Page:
No news is good news.

The questions Steven Colbert didn't ask.

None of the eighteen Illinois investigations cited in the Cragan-Shields study involves cases in the Southern District of Illinois.

Meanwhile, of eleven Missouri names cited, one — Bill Waris — was neither in office nor running for a post at the time of the probe in question.

Two others appear not to pan out.

Jackson County Legislator Dan Tarwater testified before two grand juries in connection with a wide-ranging federal probe into county government that began in 2004. Both times, Tarwater says, he was a witness, not a target. Press accounts from the Kansas City Star back up this assertion. "I was interviewed by the FBI and had to go before two grand juries," Tarwater says by phone from Kansas City. "I was never under investigation," he says, adding, "If I run for office again and someone puts something like that [study] out there — not only is it wrong, it's slanderous."

Jackson County Executive Mike Sanders, who at the time was the county prosecutor, was linked to that same probe. Cragan and Shields may have included his name on their list owing to press accounts of an assertion made by a political nemesis, then-Jackson County Executive Katheryn Shields, who reportedly alleged that Sanders was under investigation. (Both Sanders and Katheryn Shields are Democrats.)

But press accounts from the following day note that then-U.S. Attorney Todd Graves departed from Justice Department policy and issued a written statement declaring that Sanders wasn't the target of any probe.

"I can guarantee that I was never under investigation," Sanders says in a phone interview, pointing to the U.S. Attorney's statement. "I think that anyone that had honestly researched the issue would not have put me on that list. I question the motive of anyone who would put me on that list, and I would question the accuracy of the entire report."

Sanders says he was unaware of the professors' study, but he is familiar with Donald Shields — who, he notes, is Katheryn Shields' brother.

Adds Sanders: "If I'm being used as an example of someone who has been unfairly targeted or harassed, I should be taken off that list. I can't speak on a national level, but locally both the FBI and the U.S. Attorney have been gems to work with. They're 'R's and we're 'D's, but we've enjoyed a very good relationship."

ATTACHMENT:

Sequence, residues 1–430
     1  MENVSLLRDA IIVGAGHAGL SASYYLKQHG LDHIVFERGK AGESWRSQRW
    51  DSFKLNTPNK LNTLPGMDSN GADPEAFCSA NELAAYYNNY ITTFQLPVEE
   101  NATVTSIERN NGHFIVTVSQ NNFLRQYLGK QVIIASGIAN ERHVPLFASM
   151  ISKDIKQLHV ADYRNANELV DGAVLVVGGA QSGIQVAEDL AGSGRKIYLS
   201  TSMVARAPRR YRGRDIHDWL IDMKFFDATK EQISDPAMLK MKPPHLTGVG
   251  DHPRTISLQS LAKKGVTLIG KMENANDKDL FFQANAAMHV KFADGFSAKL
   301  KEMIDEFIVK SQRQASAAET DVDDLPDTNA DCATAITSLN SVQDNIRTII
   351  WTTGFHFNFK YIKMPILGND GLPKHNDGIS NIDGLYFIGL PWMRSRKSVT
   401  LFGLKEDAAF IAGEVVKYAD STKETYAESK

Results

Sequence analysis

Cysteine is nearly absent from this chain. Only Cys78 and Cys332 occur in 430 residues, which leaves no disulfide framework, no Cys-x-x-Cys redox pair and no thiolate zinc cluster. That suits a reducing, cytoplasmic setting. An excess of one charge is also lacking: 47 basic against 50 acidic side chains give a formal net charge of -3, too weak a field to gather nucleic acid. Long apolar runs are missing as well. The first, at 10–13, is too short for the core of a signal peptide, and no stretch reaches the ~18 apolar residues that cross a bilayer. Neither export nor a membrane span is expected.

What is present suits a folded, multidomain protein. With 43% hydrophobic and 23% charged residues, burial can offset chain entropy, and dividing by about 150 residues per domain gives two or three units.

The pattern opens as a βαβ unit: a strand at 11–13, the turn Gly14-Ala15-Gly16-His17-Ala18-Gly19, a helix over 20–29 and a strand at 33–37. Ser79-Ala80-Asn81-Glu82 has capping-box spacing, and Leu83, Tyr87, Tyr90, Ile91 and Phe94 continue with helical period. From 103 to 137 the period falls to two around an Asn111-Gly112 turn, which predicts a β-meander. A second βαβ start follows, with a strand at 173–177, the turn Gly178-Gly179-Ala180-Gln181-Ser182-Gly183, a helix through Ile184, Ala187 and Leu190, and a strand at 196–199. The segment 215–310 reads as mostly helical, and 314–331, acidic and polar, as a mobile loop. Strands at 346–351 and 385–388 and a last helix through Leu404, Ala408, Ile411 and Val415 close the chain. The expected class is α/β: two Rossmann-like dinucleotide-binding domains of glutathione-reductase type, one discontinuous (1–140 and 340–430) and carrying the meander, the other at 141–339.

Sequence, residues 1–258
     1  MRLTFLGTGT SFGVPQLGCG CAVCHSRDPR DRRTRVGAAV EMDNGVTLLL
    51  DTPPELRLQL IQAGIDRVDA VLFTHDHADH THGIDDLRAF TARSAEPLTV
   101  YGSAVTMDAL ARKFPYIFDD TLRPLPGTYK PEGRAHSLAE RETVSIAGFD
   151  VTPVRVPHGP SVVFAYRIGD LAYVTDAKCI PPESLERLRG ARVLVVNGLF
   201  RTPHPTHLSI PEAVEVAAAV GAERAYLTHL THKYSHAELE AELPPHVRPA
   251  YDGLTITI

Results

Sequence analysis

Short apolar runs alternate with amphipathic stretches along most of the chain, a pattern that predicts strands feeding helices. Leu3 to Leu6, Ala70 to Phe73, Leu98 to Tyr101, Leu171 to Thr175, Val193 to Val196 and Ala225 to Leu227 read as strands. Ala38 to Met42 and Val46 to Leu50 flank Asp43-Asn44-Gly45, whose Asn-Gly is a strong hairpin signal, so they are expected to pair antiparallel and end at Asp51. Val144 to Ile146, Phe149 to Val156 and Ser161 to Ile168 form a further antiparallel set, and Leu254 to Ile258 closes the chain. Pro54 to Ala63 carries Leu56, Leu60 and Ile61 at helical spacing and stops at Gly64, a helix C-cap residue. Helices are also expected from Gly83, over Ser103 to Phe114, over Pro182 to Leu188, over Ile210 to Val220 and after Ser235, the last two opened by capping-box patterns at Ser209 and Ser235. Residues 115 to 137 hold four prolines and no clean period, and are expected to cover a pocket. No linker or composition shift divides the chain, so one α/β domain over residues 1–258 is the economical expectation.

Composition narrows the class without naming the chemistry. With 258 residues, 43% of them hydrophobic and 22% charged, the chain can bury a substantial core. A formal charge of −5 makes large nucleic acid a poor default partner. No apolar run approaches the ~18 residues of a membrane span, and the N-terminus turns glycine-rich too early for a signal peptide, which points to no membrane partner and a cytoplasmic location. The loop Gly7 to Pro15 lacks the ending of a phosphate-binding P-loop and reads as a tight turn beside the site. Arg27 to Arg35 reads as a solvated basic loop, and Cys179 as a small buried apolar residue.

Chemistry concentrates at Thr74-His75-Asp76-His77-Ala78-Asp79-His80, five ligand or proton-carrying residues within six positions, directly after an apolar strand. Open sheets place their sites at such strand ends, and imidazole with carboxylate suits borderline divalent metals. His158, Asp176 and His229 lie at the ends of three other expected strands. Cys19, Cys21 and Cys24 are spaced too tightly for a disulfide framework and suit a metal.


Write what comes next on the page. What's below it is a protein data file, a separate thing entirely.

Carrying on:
Donald Shields defends the inclusion of Sanders and Tarwater. "We have no idea how many of these people were ever targets. We were kind of using a lay definition of 'investigation,'" Shields explains. "If a newspaper said that the feds were 'investigating,' then that was good enough. There were at least half a dozen cases where the U.S. Attorney said nothing was found. But [Sanders and Tarwater] were once said to have beenunder investigation. It's the political ramifications of that leak being given out that we're reporting on."

Regarding his relationship to Katheryn Shields, the professor notes that the study was begun long before his sister was the subject of any investigation. "I'm not related to the other 374 people in the study," he says. "They investigated her three different times when she was county executive, and she only gets to count for once [in the study]. And that happened to a lot of other people too — they investigate them every year, particularly in election years."

The eight actual Missouri investigations cited in the study have led to eight indictments and five convictions so far. (For more specifics, see the chart that accompanies this story.)

That statistic sheds new light on a March 9 column by New York Times op-ed writer (and former Colbert Report guest) Paul Krugman. If Stephen Colbert introduced Cragan and Shields to the ironic crowd, Krugman did the honors for the intelligentsia. (Patrick Leahy was the first to widely publicize the study; the U.S. Senator from Vermont referenced Cragan-Shields in mid-February in a statement supporting a bill to reverse the legislation that has allowed the White House to appoint interim U.S. Attorneys to indefinite terms without Senate confirmation.)

Krugman wrote that the White House has had "prosecutors...harassing Democrats while turning a blind eye to Republican malfeasance."

Unless you consider prosecuting crimes to be "harassment," Krugman appears to be only half right.

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